My Four Daze
Returning from the Exumas
Arrival to Departure
Day 4 - Saturday, July 15, 2016
Time: sometime between dusk and 3:00 AM
On my fourth and last day before arriving in Miami as I sailed across the Gulf Stream, something similar to the image above appeared above my 40' catamaran Mystique and my mind. As it drifted above me, I could not comprehend what I saw. As my catamaran re-entered the Florida Straits, an un-reality teased and challenged me once again. Part-hallucination, part-fantasy, part-sleep deprivation, part-exhaustion, part-dream, part reality and part-message, it was the final act of four days of AWE. This was my return and recovery from falling down a rabbit hole.
- 80-90 miles SE of Key Largo;
- 80 miles west of The Bahamas' Andros Island
- 70 miles south from The Gulf Stream
- Destination: Marine Stadium, Miami, Florida
- Wind: SE 15-18 knots; 25-30 in gusts during squalls
- Temperature: humid 80-85 degrees
- Weather: thunderheads, occasional line squalls and showers, frequent lightning
- Sky: cloudy, with partial clearing after nightfall; moon
- Visibility: 10-12 miles before dusk;
- Seas: SE 3-4 feet
- Current: favorable 1-2 knots southwest
- Sail Conditions: jib torn (nonfunctioning) + full mainsail
- Point of Sail: running dead downwind, frequent jibing
- Intended Course: 320 degrees / northwest
- Catamaran Speed: 6 -7 knots
- Auto Pilot: disabled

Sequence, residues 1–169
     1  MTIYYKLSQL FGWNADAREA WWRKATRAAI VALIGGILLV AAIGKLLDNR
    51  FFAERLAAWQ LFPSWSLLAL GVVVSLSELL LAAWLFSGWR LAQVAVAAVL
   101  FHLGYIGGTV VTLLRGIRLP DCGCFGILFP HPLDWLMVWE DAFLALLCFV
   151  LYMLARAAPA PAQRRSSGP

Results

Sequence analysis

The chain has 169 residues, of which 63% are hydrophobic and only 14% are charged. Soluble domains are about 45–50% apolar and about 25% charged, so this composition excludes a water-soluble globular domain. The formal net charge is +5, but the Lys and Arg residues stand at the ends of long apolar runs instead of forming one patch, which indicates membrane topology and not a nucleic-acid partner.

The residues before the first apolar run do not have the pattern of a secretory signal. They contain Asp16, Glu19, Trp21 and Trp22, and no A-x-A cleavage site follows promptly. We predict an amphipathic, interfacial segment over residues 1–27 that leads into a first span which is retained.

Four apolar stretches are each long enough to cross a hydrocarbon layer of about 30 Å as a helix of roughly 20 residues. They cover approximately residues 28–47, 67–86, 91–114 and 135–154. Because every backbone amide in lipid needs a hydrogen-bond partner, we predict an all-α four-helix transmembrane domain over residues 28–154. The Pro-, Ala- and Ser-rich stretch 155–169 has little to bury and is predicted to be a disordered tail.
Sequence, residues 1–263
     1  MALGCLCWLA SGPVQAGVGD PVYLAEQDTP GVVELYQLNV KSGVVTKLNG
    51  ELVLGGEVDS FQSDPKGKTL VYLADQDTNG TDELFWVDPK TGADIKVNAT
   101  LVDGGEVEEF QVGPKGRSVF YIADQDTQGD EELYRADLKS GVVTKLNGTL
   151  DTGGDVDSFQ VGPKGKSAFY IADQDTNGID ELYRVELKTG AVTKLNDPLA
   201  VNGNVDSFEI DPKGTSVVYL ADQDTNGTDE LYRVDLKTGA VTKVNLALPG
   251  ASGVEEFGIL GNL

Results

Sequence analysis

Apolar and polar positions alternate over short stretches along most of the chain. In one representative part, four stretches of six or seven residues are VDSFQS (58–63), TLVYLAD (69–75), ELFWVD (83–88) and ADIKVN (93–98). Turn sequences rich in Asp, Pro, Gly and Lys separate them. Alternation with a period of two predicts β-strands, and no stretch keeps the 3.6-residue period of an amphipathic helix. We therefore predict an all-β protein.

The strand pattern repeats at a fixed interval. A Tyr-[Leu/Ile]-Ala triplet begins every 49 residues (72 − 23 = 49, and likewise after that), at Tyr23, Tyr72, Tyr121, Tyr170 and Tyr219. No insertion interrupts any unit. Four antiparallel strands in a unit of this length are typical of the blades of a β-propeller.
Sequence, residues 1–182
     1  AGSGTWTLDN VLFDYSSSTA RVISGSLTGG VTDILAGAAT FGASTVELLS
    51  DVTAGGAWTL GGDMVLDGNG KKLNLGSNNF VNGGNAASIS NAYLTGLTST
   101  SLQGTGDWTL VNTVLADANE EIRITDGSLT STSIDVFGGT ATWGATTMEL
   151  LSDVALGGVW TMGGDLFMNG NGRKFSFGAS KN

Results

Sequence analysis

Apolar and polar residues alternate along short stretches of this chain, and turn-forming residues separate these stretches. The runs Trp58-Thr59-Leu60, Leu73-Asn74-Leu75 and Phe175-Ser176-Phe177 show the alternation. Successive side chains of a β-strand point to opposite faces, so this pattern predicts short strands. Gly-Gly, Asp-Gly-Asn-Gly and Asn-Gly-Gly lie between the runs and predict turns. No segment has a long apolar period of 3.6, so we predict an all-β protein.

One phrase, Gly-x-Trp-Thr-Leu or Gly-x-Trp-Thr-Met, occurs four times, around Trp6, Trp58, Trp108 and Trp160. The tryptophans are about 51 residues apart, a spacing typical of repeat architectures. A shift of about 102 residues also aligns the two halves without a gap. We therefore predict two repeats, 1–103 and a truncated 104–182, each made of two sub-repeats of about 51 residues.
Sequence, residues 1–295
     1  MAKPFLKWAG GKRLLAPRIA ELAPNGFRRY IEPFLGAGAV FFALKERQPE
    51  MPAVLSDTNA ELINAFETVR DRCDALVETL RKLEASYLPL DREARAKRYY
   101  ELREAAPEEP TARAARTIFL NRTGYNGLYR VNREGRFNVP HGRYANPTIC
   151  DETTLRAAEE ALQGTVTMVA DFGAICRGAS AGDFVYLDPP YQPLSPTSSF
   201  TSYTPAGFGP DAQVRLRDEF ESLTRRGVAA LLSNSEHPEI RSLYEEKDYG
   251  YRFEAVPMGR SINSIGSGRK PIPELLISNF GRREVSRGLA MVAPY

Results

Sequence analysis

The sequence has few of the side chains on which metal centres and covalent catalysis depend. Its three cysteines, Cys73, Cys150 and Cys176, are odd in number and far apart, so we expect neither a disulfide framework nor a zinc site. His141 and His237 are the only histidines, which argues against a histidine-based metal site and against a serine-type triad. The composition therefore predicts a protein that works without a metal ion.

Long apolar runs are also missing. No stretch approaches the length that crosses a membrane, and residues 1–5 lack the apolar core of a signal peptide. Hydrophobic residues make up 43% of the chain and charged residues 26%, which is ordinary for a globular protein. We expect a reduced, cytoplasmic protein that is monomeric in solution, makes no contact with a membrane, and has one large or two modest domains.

- Crew: exhausted after 4 hours of sleep in previous 48 hours
- True Course: sailing in circles
All of a sudden in the electrified night sky, I noticed a strange billowy mass blowing towards me. Like so many other dark clouds that night, this one drifted in slow motion.Then floating cloud-like, a feline-faced phantom passively passed by my Mystique. Carrying a shadowed light, like precious cargo, within its furry barge-like body, the image slowly disappeared into the misty night.
For a few minutes we stared at each other, studying each other's odd curiosities. Of course, I realize now how this image suggests a deranged mind. It all still seemed pretty absurd to me at the time. But that flawed description is as accurate and detailed to what appeared before my weary eyes that night. My mind recorded that sighting. From a rational perspective, I reasoned I was just too weathered and bleary-eyed to see straight. Yet I could not dismiss that the cloud was anything but threatening or ominous-looking. In fact, while I was aghast at its appearance and size, I somehow felt its pawed peacefulness. I was not so awestruck or raw I could not function. I had the presence of mind to capture this phenomenon with my camera. At least, I thought I had captured the cat when I snapped my photo. Actually, I captured myself and didn't know it.